My maternal grandmother arrived in essentially the same circumstances, except without family. She was alone, and had only the community of other Ukrainian immigrants as a support network. She would have lived knowing she would likely never return to her homeland and see her family ever again.
So perhaps these are the experiences that have shaped our culture, and probably all cultures, that hold family and their communities so closely.
As for our Ukraine family, I imagine it was the same for them when their brothers and sisters were taken from them. My family that I met the other day in Kyiv described how my Baba and her brother were stolen from their village and taken on trains to Germany to work essentially as slaves. They were separated, and when the war ended, there would be no way for them to find each other. It was easier for her brother to return to Ukraine, but my Baba had made the choice to move to Canada.
None of them truly chose to leave their families. What would it be like: the fear of not knowing where your family has gone, if they were alive. How would you even go about finding them again?
So I imagine that my Ukrainian family has also been shaped by these experiences. But rather than experiencing the pains of leaving your home land, it was the pains of losing those closest to you who were forced to leave their homes, and their families.
With Halyna and Sofiya, we chatted for a couple of hours, catching up on life — which we were hilariously up to date on because of Facebook! But I did learn that Sofia is interested in becoming a director, particularly a film director! It seems the artistic streak spans across the ocean in our family. 🙂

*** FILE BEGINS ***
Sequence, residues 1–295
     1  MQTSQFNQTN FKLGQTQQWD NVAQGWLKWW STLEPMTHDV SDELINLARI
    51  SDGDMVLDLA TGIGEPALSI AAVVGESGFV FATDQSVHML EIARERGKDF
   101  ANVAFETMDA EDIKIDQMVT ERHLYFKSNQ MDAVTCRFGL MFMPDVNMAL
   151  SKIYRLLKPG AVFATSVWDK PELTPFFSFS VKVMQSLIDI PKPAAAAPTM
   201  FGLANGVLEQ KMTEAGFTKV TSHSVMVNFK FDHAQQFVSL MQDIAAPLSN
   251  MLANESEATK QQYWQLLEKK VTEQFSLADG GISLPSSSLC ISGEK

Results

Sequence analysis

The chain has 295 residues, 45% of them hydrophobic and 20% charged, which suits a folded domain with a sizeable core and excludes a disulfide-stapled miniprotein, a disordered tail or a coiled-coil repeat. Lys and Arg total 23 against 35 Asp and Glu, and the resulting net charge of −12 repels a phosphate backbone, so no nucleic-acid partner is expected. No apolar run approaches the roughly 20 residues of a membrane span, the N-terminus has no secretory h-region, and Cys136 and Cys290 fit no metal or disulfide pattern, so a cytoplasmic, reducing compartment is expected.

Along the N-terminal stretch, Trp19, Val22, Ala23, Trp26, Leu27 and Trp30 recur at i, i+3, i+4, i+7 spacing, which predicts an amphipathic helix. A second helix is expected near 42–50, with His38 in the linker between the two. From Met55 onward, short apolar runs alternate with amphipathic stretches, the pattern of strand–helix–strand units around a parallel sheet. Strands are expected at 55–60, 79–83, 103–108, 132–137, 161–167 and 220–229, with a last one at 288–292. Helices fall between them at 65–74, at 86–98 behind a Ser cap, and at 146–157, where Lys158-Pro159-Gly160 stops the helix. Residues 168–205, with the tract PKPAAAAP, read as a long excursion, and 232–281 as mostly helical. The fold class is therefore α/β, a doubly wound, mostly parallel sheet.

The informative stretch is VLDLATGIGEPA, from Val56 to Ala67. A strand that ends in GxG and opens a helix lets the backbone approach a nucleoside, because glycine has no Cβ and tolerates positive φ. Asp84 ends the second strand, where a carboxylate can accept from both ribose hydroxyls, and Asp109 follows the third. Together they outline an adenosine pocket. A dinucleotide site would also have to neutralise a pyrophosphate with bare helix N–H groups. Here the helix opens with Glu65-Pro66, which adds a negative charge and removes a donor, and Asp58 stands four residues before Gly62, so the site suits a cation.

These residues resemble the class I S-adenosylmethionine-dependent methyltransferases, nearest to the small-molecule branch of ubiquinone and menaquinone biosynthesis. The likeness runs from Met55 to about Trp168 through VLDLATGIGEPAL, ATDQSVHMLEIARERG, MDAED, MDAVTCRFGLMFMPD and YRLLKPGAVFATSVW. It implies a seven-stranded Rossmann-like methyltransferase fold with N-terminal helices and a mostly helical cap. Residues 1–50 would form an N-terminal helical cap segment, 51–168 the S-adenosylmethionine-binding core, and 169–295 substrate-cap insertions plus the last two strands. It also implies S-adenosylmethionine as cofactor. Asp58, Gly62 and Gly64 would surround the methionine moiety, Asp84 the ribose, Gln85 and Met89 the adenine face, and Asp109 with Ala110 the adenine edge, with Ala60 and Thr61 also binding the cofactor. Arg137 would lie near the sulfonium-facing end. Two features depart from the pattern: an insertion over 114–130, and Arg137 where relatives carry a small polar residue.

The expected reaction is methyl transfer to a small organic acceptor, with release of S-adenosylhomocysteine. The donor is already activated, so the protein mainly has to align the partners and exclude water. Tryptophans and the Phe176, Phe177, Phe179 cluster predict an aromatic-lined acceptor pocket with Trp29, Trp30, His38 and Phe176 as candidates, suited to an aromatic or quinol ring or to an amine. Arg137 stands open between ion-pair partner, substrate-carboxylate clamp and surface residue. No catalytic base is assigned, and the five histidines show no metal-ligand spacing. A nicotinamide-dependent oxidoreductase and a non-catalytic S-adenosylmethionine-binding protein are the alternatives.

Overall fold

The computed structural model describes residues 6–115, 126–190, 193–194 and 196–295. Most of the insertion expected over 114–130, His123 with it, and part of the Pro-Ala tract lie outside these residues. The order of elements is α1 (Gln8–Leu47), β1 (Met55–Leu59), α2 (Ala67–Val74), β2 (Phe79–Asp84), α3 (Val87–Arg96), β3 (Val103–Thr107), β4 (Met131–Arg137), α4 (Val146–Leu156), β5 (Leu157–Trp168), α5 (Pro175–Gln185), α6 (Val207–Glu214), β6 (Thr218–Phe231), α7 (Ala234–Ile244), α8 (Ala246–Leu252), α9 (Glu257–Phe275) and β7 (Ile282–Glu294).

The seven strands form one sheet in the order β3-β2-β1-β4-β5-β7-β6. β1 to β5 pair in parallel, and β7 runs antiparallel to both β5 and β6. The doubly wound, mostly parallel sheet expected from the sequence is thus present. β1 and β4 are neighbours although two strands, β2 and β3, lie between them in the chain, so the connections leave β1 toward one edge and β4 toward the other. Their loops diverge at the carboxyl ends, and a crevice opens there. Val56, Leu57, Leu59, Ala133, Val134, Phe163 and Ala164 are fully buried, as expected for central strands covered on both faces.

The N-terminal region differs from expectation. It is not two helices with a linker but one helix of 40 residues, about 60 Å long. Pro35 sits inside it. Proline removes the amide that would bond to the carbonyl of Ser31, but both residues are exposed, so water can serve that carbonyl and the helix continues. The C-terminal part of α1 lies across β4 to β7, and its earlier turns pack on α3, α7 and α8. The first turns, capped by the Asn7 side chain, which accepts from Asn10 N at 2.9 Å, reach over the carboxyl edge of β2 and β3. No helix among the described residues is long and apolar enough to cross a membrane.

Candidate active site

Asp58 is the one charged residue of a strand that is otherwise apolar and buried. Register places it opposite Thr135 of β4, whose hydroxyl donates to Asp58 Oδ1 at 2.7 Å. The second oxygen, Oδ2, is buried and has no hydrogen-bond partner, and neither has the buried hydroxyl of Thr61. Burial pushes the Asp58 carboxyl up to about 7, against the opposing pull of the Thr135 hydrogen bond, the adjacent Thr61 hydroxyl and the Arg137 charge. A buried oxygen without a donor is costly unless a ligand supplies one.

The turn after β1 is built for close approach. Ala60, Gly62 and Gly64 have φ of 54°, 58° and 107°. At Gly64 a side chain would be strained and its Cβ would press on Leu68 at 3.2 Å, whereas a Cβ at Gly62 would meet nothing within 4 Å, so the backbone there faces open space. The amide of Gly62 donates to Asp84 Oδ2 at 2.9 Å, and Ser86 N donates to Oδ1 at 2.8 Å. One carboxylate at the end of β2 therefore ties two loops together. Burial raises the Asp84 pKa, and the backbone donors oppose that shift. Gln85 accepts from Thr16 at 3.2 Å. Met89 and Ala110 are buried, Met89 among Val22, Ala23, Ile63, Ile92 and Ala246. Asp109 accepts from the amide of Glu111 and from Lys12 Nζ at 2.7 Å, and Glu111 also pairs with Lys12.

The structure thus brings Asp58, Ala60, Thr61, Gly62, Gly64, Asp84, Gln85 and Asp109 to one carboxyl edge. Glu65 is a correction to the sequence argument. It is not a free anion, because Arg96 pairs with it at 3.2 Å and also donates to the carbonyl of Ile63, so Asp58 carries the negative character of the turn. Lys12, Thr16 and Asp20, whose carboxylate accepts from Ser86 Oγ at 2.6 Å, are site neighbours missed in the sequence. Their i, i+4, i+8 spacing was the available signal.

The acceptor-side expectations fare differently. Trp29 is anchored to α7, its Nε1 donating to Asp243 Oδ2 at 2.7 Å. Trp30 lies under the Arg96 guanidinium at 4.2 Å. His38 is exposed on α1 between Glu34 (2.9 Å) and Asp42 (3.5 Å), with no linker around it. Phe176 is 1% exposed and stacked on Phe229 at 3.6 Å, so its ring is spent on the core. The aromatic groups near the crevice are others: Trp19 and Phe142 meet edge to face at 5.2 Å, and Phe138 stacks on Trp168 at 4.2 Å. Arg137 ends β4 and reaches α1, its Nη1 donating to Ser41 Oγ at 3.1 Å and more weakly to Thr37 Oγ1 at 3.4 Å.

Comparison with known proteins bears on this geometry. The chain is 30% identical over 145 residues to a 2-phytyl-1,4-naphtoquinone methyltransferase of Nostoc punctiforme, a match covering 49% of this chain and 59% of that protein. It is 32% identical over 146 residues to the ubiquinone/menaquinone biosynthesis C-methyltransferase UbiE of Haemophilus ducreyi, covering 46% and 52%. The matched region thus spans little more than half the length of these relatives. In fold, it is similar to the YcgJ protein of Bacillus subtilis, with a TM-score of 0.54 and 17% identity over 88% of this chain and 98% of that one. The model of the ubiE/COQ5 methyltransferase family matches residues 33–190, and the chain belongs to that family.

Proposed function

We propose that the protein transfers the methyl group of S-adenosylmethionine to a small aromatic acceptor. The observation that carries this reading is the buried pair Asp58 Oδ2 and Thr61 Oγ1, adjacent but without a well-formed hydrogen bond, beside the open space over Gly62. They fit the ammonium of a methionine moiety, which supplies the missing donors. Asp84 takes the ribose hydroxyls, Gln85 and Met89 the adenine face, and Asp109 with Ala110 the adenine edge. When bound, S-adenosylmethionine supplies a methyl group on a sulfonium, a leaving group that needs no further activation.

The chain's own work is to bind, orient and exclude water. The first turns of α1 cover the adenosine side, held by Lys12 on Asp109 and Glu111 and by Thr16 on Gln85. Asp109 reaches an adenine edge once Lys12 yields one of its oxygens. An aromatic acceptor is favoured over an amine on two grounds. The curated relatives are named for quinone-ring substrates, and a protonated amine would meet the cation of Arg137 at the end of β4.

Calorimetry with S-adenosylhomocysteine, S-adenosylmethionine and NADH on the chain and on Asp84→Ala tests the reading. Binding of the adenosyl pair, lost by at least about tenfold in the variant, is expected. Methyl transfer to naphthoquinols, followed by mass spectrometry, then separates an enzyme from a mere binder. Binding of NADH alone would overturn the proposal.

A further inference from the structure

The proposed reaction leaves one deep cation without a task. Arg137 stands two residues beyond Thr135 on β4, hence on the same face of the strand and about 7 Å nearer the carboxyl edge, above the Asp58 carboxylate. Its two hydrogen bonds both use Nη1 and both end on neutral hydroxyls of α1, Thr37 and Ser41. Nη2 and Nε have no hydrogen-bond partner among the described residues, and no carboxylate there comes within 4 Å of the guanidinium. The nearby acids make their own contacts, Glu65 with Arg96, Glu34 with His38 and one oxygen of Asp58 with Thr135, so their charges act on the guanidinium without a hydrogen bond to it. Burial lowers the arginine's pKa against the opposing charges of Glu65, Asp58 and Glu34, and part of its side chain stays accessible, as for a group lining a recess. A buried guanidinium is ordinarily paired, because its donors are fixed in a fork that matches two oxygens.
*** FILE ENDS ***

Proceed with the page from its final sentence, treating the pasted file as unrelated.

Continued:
Today, we met with Halyna and Sofia once again (along with Matt and Patrick who didn’t join us the day before, since they were both not feeling well). Halyna and Sofia were incredibly generous hosts, and took us on an amazing whirlwind tour of Lviv! We haven’t really had a chance to play “tourist” yet on this trip since we have come here with an agenda. However, today proved to be super fun and rejuvenating… and a bit of a break from the emotionally heavy experiences we have been seeking out.
Halyna is a grade school history teacher in Kalush, and she made for an excellent tour guide…. and teacher! She had an agenda and we shot through the old Lviv centre with great efficiency. I learned a lot on our tour! It was a really nice way to catch up and immerse ourselves in the wealth of culture and history this city has to offer.